The Authors Of ‘All American Boys’ Think ‘Esquire’ Failed To Address Toxic Masculinity In A Meaningful Way

Stephanie Nilva, the executive director of Day One, a nonprofit organization that focuses on reducing domestic abuse by working with youth, believes it is critical to help teenagers build an understanding of systemic oppression by introducing teenagers to discussions about male and white privilege.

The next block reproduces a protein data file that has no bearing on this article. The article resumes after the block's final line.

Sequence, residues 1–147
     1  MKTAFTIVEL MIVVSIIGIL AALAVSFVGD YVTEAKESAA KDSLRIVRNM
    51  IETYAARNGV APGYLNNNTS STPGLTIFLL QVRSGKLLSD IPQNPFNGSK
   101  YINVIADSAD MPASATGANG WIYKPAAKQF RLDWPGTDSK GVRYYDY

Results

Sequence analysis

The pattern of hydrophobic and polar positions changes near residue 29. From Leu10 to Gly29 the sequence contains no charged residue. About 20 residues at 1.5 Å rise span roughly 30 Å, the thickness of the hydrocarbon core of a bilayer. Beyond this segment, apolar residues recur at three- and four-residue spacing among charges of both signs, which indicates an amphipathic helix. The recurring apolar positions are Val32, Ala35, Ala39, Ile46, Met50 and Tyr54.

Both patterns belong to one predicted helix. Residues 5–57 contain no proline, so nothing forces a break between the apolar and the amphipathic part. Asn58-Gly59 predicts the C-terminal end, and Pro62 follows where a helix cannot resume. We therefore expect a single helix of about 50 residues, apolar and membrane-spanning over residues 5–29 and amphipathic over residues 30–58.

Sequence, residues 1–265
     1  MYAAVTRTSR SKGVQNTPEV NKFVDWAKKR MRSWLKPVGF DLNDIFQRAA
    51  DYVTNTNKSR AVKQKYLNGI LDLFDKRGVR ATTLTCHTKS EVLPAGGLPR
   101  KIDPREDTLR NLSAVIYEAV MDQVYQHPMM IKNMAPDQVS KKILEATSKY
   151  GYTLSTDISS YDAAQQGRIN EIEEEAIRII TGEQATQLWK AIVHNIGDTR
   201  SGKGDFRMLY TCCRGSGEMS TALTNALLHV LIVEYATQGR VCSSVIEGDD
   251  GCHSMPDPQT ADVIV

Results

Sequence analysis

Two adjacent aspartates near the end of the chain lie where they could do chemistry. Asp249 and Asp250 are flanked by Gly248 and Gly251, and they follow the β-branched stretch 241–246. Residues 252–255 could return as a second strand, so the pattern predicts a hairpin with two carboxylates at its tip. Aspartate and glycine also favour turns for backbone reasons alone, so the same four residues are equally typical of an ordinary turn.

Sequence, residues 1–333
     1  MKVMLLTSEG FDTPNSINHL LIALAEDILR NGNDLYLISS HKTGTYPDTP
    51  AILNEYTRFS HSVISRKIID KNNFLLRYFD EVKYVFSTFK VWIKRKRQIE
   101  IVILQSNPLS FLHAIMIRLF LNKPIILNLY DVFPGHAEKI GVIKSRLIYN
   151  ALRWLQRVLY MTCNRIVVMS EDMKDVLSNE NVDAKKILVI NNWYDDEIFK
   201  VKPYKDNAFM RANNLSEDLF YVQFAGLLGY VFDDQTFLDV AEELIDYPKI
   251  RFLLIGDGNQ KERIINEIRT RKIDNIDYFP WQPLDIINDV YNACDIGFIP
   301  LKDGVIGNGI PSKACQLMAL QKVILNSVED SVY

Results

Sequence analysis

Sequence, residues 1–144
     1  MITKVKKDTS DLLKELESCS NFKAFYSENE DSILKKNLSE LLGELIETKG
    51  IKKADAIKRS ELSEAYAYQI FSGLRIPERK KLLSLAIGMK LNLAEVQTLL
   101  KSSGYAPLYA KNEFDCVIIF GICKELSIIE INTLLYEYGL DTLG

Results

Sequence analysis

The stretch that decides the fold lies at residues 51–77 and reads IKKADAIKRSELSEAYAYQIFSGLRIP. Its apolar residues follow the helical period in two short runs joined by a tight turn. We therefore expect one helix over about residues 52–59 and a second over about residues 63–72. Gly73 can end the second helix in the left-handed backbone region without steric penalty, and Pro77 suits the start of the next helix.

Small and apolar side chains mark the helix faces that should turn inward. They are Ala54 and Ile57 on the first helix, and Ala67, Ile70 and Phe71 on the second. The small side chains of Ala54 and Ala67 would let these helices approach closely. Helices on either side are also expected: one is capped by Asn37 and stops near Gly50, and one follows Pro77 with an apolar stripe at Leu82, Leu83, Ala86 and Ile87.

“Media can undo the damage that their action or inaction has caused by lifting up the marginalized voices that were silenced or have not yet been heard,” she tells Bustle in an email. “They can identify toxic masculinity and male privilege for what they are — systems of oppression and precursors to control and violence (which are exacerbated by white supremacy) — instead of presenting them without comment.”

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